While building the microfinance portfolio, Pam was continually assessing the success of their work. As effective as they’d been, she could see the limits of microfinance: Many people would never be able to access microfinance programs because they did not have basic rights. “A woman’s not going to get access to microfinance loans if she is enslaved,” she explains. Meanwhile, as the world remembered the 10-year anniversary of the Rwandan genocide and as Omidyar was starting to wrap her mind around the atrocities in Sudan, she found herself at a breaking point. “Mass violence and enslavement—two of the worst things man could do to man—were just not acceptable,” she says. Omidyar felt strongly that she wanted to use her philanthropy to try to “change human behavior for the better.” This belief led Omidyar to embark on her riskiest experiment yet, a new organization called Humanity United.
Learning and improving in Liberia
With a mission to build peace and advance human freedom, Humanity United (HU) seeks to address some of the world’s toughest problems—finding long-term solutions to human rights abuses stemming from crimes against humanity and modern-day slavery.
Omidyar with Liberian President Ellen Johnson Sirleaf
Photo: Humanity United
Specifically in Liberia, HU is taking an innovative approach to building peace and preventing a return to conflict. Liberia emerged from a decades-long civil war in 2003. In 2004, the outlook was bright for the small African nation with ambitious new leadership. But with little infrastructure and a weak economy, the risk of returning to conflict was omnipresent.
“It’s difficult not to fall in love with Liberia, and the potential, the opportunity that exists there,” explains Humanity United President and CEO Randy Newcomb. Donor money flowed quickly into the country, but the funds were poorly coordinated and, in some cases, completely untracked. Philanthropists were not achieving as much as they could.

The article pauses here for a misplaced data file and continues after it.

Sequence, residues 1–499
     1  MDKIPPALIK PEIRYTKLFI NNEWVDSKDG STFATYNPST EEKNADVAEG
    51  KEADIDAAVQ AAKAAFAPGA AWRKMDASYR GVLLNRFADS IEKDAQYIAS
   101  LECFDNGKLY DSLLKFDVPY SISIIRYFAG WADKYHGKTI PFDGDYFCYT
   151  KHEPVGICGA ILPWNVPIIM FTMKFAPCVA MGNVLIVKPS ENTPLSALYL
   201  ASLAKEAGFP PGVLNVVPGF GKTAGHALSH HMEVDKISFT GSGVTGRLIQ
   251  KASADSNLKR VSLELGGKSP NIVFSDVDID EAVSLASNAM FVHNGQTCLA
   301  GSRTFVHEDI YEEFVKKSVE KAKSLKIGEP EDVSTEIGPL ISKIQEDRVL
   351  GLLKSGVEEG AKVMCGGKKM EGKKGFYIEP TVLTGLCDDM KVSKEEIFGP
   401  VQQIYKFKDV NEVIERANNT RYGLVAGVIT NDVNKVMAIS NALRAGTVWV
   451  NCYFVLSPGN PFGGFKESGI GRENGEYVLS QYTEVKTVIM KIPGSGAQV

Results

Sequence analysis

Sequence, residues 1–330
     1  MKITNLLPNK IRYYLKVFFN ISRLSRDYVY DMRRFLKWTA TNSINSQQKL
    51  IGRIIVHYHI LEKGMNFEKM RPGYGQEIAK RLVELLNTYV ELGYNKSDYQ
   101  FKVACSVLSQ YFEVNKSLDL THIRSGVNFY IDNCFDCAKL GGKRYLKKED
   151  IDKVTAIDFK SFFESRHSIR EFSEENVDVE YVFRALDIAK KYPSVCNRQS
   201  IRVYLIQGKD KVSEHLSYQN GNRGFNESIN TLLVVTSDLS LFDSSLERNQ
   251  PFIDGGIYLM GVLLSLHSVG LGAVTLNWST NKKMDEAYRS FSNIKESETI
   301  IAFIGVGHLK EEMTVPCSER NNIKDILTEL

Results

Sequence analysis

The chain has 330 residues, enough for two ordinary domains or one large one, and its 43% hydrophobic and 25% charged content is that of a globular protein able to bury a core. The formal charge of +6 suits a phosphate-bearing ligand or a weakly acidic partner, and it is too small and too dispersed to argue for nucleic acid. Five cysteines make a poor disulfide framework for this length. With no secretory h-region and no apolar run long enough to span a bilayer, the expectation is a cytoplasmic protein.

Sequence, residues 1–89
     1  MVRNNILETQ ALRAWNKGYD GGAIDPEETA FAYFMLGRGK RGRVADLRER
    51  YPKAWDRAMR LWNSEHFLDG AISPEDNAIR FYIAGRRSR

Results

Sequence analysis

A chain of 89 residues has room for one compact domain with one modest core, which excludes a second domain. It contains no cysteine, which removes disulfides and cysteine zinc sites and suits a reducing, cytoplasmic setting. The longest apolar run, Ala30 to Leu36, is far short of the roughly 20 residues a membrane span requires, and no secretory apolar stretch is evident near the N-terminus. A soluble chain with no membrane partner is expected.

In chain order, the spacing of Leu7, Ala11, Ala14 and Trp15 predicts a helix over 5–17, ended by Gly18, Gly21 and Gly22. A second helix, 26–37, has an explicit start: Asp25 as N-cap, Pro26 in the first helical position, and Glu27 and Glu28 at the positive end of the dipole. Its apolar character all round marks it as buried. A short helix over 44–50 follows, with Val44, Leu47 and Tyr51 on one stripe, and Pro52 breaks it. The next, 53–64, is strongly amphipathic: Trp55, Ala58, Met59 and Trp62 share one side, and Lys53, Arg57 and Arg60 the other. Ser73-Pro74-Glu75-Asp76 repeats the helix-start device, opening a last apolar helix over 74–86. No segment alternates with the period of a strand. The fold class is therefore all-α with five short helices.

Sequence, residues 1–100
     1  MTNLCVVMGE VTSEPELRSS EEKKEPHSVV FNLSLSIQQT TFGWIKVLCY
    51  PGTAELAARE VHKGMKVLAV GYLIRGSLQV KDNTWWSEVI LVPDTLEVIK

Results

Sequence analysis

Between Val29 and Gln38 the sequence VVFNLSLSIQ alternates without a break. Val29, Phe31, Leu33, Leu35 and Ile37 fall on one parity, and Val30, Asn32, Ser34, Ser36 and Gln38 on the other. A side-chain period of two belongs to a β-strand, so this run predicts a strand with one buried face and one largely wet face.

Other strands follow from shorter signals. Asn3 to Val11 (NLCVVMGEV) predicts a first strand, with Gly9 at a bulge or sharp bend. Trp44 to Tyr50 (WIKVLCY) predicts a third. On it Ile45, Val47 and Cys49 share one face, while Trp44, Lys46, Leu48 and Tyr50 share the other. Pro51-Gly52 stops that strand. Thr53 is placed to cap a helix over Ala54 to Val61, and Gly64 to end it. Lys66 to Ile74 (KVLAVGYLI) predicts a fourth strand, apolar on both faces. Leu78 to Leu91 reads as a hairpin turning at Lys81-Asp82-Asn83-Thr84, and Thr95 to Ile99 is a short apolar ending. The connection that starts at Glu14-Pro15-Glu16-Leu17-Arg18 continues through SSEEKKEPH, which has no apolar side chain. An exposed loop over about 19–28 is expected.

Ultimately, the goal is to both make the most of current funding and attract even more support to Liberia.
In response, Omidyar set out to bring donors together. The result? Humanity United became the first and largest supporter of a privately funded, government-run Philanthropy Secretariat in the office of the country’s president, which encourages coordination between the government and philanthropists. Backed by Humanity United together with a heady group of partners—including the Liberian government, the Global Philanthropy Forum, the Open Society Institute, as well as the NoVo, Daphne, and McCall McBain Foundations—the secretariat facilitates information sharing and increases alignment of efforts focused on reducing poverty. Ultimately, the goal is to both make the most of current funding and attract even more support to Liberia.
Newcomb calls it “the team sport approach,” and so far, the approach is working. “It’s been one of the more successful efforts to…multiply and aggregate the efforts of private donors.”
Others agree. Jane Wales, President and CEO of the World Affairs Council and Foundation of the Global Philanthropy Forum, calls the strategy in Liberia “a blueprint that has persuaded…private philanthropists and investors to work in close coordination with each other—and with a government they feel they can trust.”
Over the past two years, through financial support and an active and engaged staff, Humanity United has helped the Secretariat become more influential and achieve results: